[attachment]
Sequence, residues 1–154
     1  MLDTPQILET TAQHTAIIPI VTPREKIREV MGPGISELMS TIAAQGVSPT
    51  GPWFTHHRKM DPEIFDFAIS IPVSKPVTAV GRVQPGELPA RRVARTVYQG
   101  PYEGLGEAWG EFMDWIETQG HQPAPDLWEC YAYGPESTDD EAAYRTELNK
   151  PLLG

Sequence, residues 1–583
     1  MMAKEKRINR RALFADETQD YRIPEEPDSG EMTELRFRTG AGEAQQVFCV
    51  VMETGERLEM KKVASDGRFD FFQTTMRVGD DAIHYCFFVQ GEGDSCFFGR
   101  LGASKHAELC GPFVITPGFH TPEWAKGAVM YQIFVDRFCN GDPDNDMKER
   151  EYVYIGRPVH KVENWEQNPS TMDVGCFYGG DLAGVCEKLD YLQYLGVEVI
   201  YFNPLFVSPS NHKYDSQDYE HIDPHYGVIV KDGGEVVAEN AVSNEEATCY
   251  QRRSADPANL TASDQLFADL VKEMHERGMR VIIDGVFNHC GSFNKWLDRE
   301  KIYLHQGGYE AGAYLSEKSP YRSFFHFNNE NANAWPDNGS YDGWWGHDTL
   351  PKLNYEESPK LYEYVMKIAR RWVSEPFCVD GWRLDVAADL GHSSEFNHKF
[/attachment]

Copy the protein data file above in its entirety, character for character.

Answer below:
Sequence, residues 1–154
     1  MLDTPQILET TAQHTAIIPI VTPREKIREV MGPGISELMS TIAAQGVSPT
    51  GPWFTHHRKM DPEIFDFAIS IPVSKPVTAV GRVQPGELPA RRVARTVYQG
   101  PYEGLGEAWG EFMDWIETQG HQPAPDLWEC YAYGPESTDD EAAYRTELNK
   151  PLLG

Sequence, residues 1–583
     1  MMAKEKRINR RALFADETQD YRIPEEPDSG EMTELRFRTG AGEAQQVFCV
    51  VMETGERLEM KKVASDGRFD FFQTTMRVGD DAIHYCFFVQ GEGDSCFFGR
   101  LGASKHAELC GPFVITPGFH TPEWAKGAVM YQIFVDRFCN GDPDNDMKER
   151  EYVYIGRPVH KVENWEQNPS TMDVGCFYGG DLAGVCEKLD YLQYLGVEVI
   201  YFNPLFVSPS NHKYDSQDYE HIDPHYGVIV KDGGEVVAEN AVSNEEATCY
   251  QRRSADPANL TASDQLFADL VKEMHERGMR VIIDGVFNHC GSFNKWLDRE
   301  KIYLHQGGYE AGAYLSEKSP YRSFFHFNNE NANAWPDNGS YDGWWGHDTL
   351  PKLNYEESPK LYEYVMKIAR RWVSEPFCVD GWRLDVAADL GHSSEFNHKF